By John Sadler Las Vegas Sun
WWR Article Summary (tl;dr) Senator Jacky Rosen worked as a computer programmer and systems analyst before entering politics. Now, as a leader in Washington, she is making women in STEM a top priority.
Las Vegas Sun
Emily Carter was interested in science from a young age. As she grew older though, and entered into her biology studies, she began to realize the problems for women in STEM fields.
"It wasn't until college that I started becoming aware of the stereotypes there are and how there really isn't equal representation of women in my field," said Carter, now a sophomore at UNLV with plans to go to medical school after graduation.
Sen. Jacky Rosen, D-Nev., who worked as a computer programmer and systems analyst before entering politics, has made investing in STEM -- science, technology, engineering and mathematics -- and increasing the representation of women and minorities in related fields one of her projects in Washington.
"There still aren't enough women in all the STEM fields, whether they're programming, engineering, medicine, math, astrophysics, you name it," Rosen said. "So, what I wanted to do when I got there was try to promote those at the core level, those logical skills that you learn in computer science that are transferable to every other STEM area to young girls and underrepresented minorities across the country."
She's made some progress.
One of Rosen's pet initiatives, the Building Blocks of STEM Act, was passed by both the House and the Senate in December. President Donald Trump signed it into law on Christmas Eve, marking a rare example of bipartisanship in the current political climate.
The act would mainly target the National Science Foundation, modifying grant programs the foundation manages that support STEM. It would allow some grants to be used to research how pre-K and elementary teachers can better involve young girls in STEM activities and encourage participation by young girls.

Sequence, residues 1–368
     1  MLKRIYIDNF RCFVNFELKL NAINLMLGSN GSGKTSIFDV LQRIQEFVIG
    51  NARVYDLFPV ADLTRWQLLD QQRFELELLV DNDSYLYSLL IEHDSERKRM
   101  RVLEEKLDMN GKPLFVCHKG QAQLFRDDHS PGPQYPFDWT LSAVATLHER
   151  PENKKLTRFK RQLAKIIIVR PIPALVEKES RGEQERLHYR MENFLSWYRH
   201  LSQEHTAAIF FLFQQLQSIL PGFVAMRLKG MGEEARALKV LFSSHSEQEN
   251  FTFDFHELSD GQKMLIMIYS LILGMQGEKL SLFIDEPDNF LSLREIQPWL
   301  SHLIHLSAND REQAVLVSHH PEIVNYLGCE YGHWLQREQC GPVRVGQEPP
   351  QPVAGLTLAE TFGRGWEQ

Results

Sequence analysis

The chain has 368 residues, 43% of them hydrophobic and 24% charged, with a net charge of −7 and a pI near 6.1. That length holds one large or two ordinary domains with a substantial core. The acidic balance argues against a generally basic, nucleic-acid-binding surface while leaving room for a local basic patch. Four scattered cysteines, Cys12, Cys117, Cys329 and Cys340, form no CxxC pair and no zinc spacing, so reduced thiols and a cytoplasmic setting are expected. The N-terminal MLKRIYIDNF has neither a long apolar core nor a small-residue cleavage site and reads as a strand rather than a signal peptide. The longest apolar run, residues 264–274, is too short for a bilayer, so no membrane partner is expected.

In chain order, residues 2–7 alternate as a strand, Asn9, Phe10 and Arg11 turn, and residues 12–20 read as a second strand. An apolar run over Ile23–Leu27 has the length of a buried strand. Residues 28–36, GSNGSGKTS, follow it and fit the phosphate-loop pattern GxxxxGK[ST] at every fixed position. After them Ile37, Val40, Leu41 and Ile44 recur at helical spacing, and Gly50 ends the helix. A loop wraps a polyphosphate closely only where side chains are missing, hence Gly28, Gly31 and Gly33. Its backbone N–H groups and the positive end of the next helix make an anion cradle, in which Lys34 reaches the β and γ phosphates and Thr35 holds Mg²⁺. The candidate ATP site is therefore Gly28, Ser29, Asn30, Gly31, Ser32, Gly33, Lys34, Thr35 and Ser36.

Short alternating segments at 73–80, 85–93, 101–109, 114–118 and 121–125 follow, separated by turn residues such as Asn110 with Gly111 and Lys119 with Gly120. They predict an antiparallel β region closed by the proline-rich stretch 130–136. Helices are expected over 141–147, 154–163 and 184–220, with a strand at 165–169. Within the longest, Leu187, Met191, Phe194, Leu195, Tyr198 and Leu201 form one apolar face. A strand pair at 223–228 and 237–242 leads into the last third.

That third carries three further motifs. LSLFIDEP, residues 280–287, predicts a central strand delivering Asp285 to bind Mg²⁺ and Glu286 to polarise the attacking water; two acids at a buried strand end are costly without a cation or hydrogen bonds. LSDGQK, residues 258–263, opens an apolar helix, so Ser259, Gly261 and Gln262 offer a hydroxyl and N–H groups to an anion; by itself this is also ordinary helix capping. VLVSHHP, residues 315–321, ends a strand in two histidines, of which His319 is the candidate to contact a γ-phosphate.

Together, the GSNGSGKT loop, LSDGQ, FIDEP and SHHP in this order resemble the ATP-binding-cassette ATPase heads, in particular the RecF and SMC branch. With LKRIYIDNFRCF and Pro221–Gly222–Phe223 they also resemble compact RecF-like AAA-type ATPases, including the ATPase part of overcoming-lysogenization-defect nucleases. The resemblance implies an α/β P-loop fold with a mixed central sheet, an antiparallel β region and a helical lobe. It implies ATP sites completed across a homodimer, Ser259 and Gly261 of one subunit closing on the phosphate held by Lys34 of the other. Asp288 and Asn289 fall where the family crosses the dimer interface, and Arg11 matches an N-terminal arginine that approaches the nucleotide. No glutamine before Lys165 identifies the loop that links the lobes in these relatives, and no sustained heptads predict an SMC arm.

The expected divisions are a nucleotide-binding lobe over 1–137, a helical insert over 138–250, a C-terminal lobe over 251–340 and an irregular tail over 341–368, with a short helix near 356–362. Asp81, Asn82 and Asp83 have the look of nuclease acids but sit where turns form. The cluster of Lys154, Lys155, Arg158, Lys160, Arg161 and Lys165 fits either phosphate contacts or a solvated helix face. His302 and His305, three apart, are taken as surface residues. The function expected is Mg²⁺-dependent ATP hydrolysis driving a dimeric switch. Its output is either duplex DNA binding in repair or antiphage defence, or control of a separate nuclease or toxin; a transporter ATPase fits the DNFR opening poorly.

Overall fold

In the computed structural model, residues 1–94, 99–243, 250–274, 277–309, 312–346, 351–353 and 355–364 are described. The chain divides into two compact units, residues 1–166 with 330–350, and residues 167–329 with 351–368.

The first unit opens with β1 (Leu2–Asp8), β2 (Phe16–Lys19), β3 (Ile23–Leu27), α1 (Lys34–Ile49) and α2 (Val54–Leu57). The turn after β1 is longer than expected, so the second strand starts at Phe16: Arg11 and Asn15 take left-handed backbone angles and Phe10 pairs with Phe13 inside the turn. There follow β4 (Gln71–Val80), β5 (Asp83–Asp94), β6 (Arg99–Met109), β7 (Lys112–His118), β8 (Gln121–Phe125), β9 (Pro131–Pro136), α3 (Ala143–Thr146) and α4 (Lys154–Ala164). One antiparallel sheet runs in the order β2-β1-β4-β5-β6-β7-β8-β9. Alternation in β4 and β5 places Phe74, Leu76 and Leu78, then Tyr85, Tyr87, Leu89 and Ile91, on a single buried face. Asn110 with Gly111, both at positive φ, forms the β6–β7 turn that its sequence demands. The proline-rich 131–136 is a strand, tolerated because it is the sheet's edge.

Other grants would be awarded to develop "gender-inclusive computer science enrichment programs" and teach young girls about careers in computer science.
Rosen, who touts bipartisanship, said the bill passed with dual-party support because lawmakers have seen the importance of increasing STEM education in their home states.
"It's very bipartisan because we want our kids to do better and innovate for the future," said Rosen, who noted the dearth of women in the field when she began her career.
Nikki Tibayan, a sophomore computer science major at UNLV, serves as communications director for UNLV's Scientista Foundation, an organization dedicated to supporting women in STEM. She said it was important to talk to children about options in STEM fields, and to make it known to them that these fields were open.
"If you've ever seen the face of a child who looks in a microscope for the first time or when you hear a little girl say, 'I never knew female African Americans could be astronauts' or even hearing them say, 'I didn't know girls could do this, I thought it was only for boys.'"
Society teaches young boys they can be whatever they want, while sometimes restricting what young girls should strive toward, Tibayan said.
Rosen has other legislation in the works that she hopes will strengthen the nation's STEM fields and students studying them.
The Teach Computer Science Act, which would create opportunities for teachers to learn, and, teach, computer science skills, was introduced in December by a bipartisan group of senators: Roger Wicker, R-Miss., Maggie Hassan, D-N.H. and Mitt Romney, R-Utah.
Rosen said that expanding one teacher's knowledge of computer science could help both teachers and students.
"When you empower and teach a teacher how to break down barriers, bring innovation and excitement to the classroom, every student in that classroom learns," Rosen said. "Ultimately, other teachers in their school learn because they share from that. So it's bigger than just one group of students or one teacher."
She's also part of a bipartisan group that has brought forward the JROTC Cyber Training Act, which would help train members of the Junior Reserve Officers' Training Corps for computer science or cybersecurity careers.
Carter, who was highlighted as a notable Nevada woman in a STEM field by Rosen, said that while representation for women in STEM fields had been changing for the better, there were still problems, such as a pay gap between men and women.
"I think that definitely over the past decade that there has become increased representation of women in STEM because it's become more acceptable for women to pursue those fields and find support to do so," she said.
It is important, she said, that nothing holds people back from working in the field in which they're interested.
"No one should ever feel discouraged," she said. ___ Distributed by Tribune Content Agency, LLC.